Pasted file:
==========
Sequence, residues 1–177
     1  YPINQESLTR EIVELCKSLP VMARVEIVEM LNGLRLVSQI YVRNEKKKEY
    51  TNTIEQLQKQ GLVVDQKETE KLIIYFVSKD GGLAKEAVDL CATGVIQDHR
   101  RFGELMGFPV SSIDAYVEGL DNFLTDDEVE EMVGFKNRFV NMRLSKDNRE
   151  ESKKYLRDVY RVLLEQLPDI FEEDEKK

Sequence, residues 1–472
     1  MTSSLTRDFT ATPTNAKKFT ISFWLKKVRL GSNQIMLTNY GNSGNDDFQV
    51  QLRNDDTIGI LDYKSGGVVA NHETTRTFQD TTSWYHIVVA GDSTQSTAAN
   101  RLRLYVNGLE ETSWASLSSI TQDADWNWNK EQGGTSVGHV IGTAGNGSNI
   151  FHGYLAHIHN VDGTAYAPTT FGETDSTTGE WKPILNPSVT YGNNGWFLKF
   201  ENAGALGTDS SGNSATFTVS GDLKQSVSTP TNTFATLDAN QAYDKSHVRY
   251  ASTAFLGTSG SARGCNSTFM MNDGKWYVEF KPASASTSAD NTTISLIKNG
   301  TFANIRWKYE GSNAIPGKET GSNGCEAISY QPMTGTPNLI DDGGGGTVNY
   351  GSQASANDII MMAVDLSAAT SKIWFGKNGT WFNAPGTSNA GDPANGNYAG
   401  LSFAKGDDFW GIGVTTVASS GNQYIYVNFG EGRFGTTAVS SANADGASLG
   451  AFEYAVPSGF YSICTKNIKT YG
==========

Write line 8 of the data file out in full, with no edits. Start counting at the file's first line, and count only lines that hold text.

    51  QLRNDDTIGI LDYKSGGVVA NHETTRTFQD TTSWYHIVVA GDSTQSTAAN